The SPTO decisions will be reviewed by the Civil Courts

The SPTO decisions will be reviewed by the Civil Courts

On 28 July last, Organic Law 7/2022, of 27 July, was published in the Official State Gazette, amending Organic Law 6/1985, of 1 July, on the Judiciary, in relation to the Commercial Courts.
This Law has a major impact on our intellectual property practice as, among other things, it attributes exclusive jurisdiction over “appeals against decisions that exhaust administrative remedies issued in intellectual property matters by the Spanish Patent and Trademark Office (SPTO)” to certain Provincial Courts, i.e. to the Civil jurisdiction. Until now, the jurisdiction has been that of the contentious-administrative jurisdiction.

What decisions of the SPTO?

The decisions that exhaust administrative channels are the decisions of the SPTO Appeals Unit.
This affects all the decisions of the SPTO Appeals Unit and covers all the matters on which the SPTO rules: patents, utility models, trademarks, designs, etc. It will also include decisions on the invalidity and revocation of trademarks on which the SPTO will have jurisdiction to rule as of 14 January 2023, as provided for in article 58 of Law 17/2001, of 7 December, on Trademarks.

From when?

The same date, 14 January 2023, is the date set by Organic Law 7/2022 for the entry into force of this new competence of the Provincial Courts. Therefore, from then on, appeals will be heard in the civil jurisdiction.

Which courts have jurisdiction?

The Provincial Courts with sections specializing in commercial matters will be competent to rule on them. Today, according to the agreement of the General Council of the Judiciary (CGPJ) of 18 October 2018, there are seven such courts, namely those of Madrid, Barcelona, La Coruña, Bilbao, Valencia, Granada and Las Palmas de Gran Canaria. In addition, the CGPJ is empowered to agree that other Courts may later assume this jurisdiction, if the requirements are met.

Why this change?

The purpose of this modification is to continue with the process of specialization opened by Organic Law 8/2003, of 9 July, so that these appeals against SPTO resolutions are resolved by courts with a “high degree of experience in industrial property matters” and with the aim of favoring the principle of legal certainty, it being advisable to “avoid different jurisprudential criteria in this area as two jurisdictional orders are competent, the contentious-administrative and the civil”, to quote the preamble of this recent Law.

What will the proceedings be like?

The process will be a verbal trial with the characteristics defined in the new article 447 bis of the Civil Procedure Act. This article regulates, among other things, standing and the time limit to file the appeal (2 months from the publication of the decision in the BOE), questions relating to the referral of the administrative file, the time limit for the defendant to appear before the Court (9 days) and the time limit for the formalization of the claim and the defense (20 days). It is expressly provided that the appeal may seek not only the annulment of the decision of the SPTO, but also the recognition of a legal situation, and therefore also applies to the restoration of rights. Many of the characteristics of this new process coincide with those of the current contentious-administrative process, although we miss a provision on filing being able to file a brief of conclusions before the Judgment is issued.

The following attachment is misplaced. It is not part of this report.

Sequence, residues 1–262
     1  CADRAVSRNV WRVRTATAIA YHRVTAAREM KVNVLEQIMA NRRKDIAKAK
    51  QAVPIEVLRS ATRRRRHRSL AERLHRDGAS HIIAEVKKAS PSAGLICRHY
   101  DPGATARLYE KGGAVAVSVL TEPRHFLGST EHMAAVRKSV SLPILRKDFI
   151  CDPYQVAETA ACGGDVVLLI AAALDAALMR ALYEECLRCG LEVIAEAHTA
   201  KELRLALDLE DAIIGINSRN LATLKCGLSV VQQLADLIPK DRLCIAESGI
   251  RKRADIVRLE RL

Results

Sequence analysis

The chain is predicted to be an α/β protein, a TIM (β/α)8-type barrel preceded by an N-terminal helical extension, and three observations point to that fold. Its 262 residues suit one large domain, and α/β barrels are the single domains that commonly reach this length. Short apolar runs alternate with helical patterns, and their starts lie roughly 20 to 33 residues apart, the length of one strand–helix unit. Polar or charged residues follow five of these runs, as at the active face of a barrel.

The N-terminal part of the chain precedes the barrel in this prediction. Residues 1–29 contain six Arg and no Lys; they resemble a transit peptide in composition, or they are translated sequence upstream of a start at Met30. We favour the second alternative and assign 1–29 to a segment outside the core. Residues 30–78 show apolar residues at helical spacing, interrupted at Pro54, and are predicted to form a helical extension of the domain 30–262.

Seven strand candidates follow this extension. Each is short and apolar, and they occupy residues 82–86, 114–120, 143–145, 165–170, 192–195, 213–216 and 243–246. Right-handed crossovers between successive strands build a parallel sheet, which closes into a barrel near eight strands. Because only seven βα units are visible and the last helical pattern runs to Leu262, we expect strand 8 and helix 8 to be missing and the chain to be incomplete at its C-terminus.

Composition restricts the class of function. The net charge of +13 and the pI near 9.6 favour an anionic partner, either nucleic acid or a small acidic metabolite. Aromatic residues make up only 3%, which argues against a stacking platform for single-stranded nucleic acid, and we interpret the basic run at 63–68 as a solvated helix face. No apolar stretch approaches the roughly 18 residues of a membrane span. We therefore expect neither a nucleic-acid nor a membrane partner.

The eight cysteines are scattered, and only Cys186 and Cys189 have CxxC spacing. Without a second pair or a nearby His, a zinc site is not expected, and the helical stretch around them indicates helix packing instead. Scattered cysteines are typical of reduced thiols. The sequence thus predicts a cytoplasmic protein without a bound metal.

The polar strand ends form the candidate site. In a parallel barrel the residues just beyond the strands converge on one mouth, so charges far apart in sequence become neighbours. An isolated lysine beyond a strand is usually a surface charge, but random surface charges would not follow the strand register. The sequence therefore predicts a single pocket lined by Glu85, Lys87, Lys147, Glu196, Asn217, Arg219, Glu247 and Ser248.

Where to bring the action?

The territorial jurisdiction will be, at the option of the appellant, the domicile of the plaintiff or, failing that, its representative in Spain; and, the specialized section of the Provincial Court of Madrid, which is where the SPTO’s headquarters are located.

Can the judgments handed down by these Provincial Courts be appealed?

Yes, they may be appealed, either by means of an extraordinary appeal for procedural infringement before the Civil Chamber of the corresponding High Court of Justice, or by appeal in cassation before the Supreme Court.

What do we think?

Court specialization reflects a more modern justice system. With this new regulation, there will be fewer judicial bodies hearing appeals against SPTO decisions, but with more experience, which will result in more homogeneous rulings and, very possibly, of higher technical quality. This is a transfer of judicial competence to protect intellectual property rights a priori, better, which is why we think it is very good news. In any case, it will be with time that we will be able to make balance of this new regulation.

Author: María Ceballos, Lawyer and IP Attorney

Photo by Wesley Tingey on Unsplash